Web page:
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When is the reshuffle?

In the past, the Mbabazi factor was strong

Settling kitchen battles

Museveni also lost trusted comrades to death, aging, or political wear and tear. Names such as the late Kirunda Kivejinja, Henry Kajura, Edward Ssekandi, Ephraim Kamuntu, Adolph Mwesige, Elly Tumwine and even Amama Mbabazi who were always easy and expected picks for top positions are no longer available. Only Moses Ali remains.

Then there are the fights within Museveni’s party and family kitchen council that have been simmering but blew up during the 2020 NRM party primaries.  The fall-out meant that many must have names in cabinet are this time locked out. These include Sam Kutesa, Mwesigwa Rukutana, William Byaruhanga, Amelia Kyambadde, Molly Kamukama, Adolph Mwesige, Ronald Kibule, Karooro Okurut, Elioda Tumwesigye, and others. Only Matia Kasaija, David Bahati remained in this cohort.

Only former Speaker Rebecca Kadaga appears to have shaken off the dust of battle with Museveni but, observers say, she is nursing deep wounds. Will she survive in an arena dominated by her foes; including in a parliament led by her nemesis, Speaker Jacob Oulanyah and cabinet with names like VP Robinah Nabbanja, chief whip Thomas Tayebwa, bulldozer Ruth Nankabirwa and cheerleader Margaret Muhanga?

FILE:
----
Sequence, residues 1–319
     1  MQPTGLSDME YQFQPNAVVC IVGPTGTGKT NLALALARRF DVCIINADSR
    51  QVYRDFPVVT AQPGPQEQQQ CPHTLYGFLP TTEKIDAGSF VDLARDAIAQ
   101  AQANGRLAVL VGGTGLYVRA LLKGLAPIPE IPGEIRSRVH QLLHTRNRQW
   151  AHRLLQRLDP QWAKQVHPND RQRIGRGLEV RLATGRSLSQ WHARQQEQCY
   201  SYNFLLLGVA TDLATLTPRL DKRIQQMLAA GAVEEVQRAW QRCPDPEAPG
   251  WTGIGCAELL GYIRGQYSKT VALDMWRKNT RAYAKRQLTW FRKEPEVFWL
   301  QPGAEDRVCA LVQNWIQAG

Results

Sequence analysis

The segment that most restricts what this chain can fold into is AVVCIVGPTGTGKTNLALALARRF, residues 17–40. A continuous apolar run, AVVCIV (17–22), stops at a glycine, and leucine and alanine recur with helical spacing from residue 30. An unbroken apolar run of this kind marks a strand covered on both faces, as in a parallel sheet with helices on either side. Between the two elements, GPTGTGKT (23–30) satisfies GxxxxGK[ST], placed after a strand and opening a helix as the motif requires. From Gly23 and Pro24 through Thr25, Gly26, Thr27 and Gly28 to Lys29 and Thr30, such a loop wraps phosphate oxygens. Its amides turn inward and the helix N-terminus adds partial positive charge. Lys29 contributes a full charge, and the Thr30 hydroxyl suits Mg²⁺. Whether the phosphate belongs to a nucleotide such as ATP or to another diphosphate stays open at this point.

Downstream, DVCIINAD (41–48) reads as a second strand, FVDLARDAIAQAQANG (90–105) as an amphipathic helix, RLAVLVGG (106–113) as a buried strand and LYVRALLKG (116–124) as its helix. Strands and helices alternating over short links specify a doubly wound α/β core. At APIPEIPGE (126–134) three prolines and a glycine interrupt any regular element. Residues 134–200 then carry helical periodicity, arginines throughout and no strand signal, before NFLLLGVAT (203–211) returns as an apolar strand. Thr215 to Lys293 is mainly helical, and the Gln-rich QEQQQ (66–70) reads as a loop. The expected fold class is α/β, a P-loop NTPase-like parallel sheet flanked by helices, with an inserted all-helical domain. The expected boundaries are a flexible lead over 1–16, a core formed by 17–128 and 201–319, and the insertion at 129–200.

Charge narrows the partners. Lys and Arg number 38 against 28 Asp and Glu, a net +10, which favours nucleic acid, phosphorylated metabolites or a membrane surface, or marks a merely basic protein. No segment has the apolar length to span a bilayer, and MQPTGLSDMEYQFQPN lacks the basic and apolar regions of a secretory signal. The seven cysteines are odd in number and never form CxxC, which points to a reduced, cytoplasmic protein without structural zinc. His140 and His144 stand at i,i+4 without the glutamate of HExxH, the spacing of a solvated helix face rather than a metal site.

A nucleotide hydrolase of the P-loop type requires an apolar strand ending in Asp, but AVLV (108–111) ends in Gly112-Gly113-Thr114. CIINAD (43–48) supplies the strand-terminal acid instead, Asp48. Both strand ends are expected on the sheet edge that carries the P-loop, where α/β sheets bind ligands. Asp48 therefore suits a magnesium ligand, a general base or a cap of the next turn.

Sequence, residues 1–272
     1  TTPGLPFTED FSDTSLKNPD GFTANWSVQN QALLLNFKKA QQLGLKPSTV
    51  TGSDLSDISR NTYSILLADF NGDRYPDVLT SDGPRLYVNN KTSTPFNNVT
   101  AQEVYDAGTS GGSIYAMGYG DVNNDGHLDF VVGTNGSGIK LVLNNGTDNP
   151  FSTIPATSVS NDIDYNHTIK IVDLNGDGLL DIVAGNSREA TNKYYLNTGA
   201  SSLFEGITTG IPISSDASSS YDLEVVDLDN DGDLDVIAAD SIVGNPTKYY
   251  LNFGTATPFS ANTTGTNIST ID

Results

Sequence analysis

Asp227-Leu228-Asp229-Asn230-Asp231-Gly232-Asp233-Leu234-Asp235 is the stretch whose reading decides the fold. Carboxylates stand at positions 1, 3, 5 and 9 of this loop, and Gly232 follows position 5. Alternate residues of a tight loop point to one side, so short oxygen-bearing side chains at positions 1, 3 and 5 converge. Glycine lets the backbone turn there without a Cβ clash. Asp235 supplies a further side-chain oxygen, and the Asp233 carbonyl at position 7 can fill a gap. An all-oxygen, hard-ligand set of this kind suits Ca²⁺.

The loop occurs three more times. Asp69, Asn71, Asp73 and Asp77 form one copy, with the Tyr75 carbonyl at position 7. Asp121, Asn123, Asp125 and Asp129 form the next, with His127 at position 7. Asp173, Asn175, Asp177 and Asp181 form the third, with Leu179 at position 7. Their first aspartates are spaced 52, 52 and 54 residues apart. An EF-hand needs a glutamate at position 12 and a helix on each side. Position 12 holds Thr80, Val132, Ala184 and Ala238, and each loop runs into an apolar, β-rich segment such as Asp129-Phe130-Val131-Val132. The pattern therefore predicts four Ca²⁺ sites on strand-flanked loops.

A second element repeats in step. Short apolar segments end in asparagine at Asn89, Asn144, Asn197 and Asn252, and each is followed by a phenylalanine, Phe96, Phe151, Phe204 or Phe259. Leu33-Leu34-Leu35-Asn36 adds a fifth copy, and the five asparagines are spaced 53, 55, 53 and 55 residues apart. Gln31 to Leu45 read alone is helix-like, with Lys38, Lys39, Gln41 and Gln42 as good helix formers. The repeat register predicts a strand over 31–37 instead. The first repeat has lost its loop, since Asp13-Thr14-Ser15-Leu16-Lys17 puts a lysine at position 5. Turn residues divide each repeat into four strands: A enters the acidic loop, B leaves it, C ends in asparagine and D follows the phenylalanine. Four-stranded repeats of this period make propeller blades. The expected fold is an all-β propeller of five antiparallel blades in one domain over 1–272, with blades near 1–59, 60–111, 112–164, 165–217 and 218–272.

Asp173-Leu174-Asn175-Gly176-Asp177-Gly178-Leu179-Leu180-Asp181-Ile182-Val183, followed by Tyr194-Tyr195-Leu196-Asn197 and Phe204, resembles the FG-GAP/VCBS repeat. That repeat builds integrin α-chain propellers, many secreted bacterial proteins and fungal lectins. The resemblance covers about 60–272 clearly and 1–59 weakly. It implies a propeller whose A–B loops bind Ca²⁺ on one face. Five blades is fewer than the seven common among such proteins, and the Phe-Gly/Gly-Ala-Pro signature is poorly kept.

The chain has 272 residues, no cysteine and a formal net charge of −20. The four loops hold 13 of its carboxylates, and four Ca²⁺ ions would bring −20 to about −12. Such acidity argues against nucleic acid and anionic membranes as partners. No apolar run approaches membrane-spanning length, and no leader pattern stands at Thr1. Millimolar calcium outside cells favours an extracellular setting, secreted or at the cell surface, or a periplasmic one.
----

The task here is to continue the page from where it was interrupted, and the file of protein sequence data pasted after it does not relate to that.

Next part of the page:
Faced with these intra-party and family intrigues, Museveni appears to have chosen to clean the deck and bring in totally new faces without and position in the fighting camps. The result is only five of the 79-strong previous cabinet retained their position. Up to 22 were axed.

The opposition National Unity Platform (NUP) aka People Power group of Robert Kyagulanyi’s team also decimated Museveni’s team in the central region from which Museveni usually makes a sizable number of cabinet picks. Former Chief Whip Ruth Nankabirwa, Tourism Minister Godfrey Kiwanda, VP Edward Ssekandi, education ministers Chrysostom Miyingo and Rosemary Seninde, Water Minister Ronald Kibule and others were all defeated by NUP candidates.

Museveni has named some to cabinet positions but their weakened opposition as politically damaged goods meant that they got crumbs instead of the top layer of postings they hoped for.

The NUP wave also enamored the usual anti- incumbency tendency in parliamentary elections in other places and inadvertently impacted Museveni’s choices. Only about 40% of former legislators were returned.

Real choice was blocked for Museveni who always has an eye on the next election when making cabinet appointments. Instead, he for the first time appointed the highest number of election losers. Betty Anywar, Ruth Nankabirwa, Evelyn Anite, Joyce Ssebugwawo (FDC), Kyeyune Kasolo, Bamulangaki Ssempijja, Judith Nabakooba  and others. Many others, such as Muruli Mukasa and Raphael Magyezi did not seek re-election.

Avoiding succession threat

It is also telling that the two immediate positions after Museveni in government hierarchy are women. In the current succession politics around Museveni, it is important to note that in the militarised politics of Uganda, women are considered less of a threat, less ambitious, and loyal. Stereotypes are dangerous as Museveni’s recent showdown with outgoing Speaker of Parliament, Rebecca Kadaga, showed when she stood up to him as he pushed her out of the door. But Kadaga is an exception not the rule.